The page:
You won’t see anything resembling a library here—or many books at all outside of the local grade school. The three men (along with a fourth, who has since left) started the OneStory project because Yef people had no history of writing in their language. Literacy in the village is low, and probably will remain that way for years to come, Chase says. So Sion and Jeri started with what Chase calls a “skeleton panorama” of 17 stories, spanning from Genesis to Acts.
“Just two or three at first were believers,” says Sion, who is preparing to become the first ordained Yef pastor. “When they heard OneStory, then more became believers. “To me, audio is important because some, they cannot read. When they have audio, they can hear in their language and then they can understand what’s in OneStory.”
“The Power of Jesus, That’s Big”
In a way, you might divide the history of this village into two eras: before and after OneStory. Exhibit A for the switch is a village elder named Matias.
Before OneStory, most people in this village practiced classic animism—worshiping and fearing spirits in the rivers, trees, and rocks that dominate the surrounding landscape. “Yef people used to walk deep into the nearby jungle to ask a special tree for food, like a wild pig or another animal,” Sion says.
Matias and others also would march on foot to neighboring villages with bows and spears, seeking vengeance for various offenses. And when people got sick, they would ask Matias to bring his special rock.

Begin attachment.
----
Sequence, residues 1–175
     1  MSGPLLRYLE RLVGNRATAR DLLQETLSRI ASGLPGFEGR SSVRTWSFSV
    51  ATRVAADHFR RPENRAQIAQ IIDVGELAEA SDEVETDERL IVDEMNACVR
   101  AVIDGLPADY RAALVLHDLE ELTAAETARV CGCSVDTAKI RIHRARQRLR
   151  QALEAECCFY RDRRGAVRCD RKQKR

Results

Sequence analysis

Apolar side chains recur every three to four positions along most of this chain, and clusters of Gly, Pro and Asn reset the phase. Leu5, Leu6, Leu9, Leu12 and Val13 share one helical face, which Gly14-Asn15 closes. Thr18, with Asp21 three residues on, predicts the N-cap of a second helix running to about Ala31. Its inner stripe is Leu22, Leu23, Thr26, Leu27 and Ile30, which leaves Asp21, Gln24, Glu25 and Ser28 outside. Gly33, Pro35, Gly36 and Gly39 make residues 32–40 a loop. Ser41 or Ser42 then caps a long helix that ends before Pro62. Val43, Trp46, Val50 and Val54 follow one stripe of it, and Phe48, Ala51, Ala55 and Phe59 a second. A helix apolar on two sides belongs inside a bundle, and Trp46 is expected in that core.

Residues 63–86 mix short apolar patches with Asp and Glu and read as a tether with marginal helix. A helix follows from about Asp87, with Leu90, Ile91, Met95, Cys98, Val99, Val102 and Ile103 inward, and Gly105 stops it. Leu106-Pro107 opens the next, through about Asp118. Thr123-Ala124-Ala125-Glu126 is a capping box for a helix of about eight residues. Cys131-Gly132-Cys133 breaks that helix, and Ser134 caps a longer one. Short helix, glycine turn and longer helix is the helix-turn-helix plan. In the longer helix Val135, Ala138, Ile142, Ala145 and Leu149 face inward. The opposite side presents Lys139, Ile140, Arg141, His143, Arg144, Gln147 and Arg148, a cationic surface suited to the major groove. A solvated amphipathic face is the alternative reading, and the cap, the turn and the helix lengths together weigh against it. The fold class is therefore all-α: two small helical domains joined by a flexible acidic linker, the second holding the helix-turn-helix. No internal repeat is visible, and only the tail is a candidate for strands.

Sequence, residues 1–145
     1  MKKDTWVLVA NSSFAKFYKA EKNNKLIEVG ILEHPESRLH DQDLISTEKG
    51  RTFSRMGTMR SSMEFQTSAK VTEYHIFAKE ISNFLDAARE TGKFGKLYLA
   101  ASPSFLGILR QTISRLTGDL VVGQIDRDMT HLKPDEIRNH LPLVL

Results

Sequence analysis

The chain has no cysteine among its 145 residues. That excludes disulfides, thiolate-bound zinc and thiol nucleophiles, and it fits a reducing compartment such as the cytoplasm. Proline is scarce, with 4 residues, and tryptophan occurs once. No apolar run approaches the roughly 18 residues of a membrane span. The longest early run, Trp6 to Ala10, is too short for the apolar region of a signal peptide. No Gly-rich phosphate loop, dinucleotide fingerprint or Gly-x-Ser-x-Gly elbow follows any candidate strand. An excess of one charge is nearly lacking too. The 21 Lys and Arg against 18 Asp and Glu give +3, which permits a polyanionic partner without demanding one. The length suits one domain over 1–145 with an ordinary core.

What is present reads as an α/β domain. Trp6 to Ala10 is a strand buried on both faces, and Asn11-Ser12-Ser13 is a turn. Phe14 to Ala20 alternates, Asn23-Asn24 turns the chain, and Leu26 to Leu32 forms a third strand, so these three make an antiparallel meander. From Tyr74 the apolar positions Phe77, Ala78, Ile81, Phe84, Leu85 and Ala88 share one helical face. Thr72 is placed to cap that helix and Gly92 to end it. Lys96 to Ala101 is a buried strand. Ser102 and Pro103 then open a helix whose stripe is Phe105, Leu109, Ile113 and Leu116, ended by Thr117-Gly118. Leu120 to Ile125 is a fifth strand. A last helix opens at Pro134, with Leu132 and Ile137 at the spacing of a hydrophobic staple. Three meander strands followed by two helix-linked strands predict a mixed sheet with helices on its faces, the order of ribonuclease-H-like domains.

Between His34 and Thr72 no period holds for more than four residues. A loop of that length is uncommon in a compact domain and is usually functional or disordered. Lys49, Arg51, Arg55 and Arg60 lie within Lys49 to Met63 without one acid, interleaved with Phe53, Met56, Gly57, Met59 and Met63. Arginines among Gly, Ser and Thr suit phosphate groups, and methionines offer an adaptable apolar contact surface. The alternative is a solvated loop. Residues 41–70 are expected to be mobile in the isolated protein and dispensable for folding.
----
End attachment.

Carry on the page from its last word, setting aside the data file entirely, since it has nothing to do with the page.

When Matias reached a sick person’s house, he would set the rock on the sick person’s body. Sometimes, people would actually get better, which Matias today believes was the work of evil spirits. He realized this after Sion started playing oral Bible stories for them—such as creation, the Garden of Eden and Jesus’ birth and resurrection.
The first time Matias heard those stories, he believed them. No wrangling, no personal crisis. And when he decided to follow Jesus, he threw that rock into the river.
“Before, we didn’t know Jesus,” says Matias through a translator. “We didn’t know who our God was. We believed the evil spirits.”
“The power of evil spirits is not power. But the power of Jesus, that’s big. And what things we ask, He can give. But the power of the evil spirit in the tree, in the mountain, in the river, they are just a trick for us to follow. But that’s not the true God.”
Continuing the Work
Today, the Yef have 50 Bible stories in their language. The village has its own church, and virtually everyone has at least heard the Gospel in Yef.
Now that the OneStory project has wrapped up (a year ahead of schedule), Chase and Sion look forward to launching a full oral Bible translation project using the new Render tool. Render allows users to record oral translations of the Bible on a tablet device. Then it walks them through the entire check and review process on their way to a finished translation of a Bible verse or passage.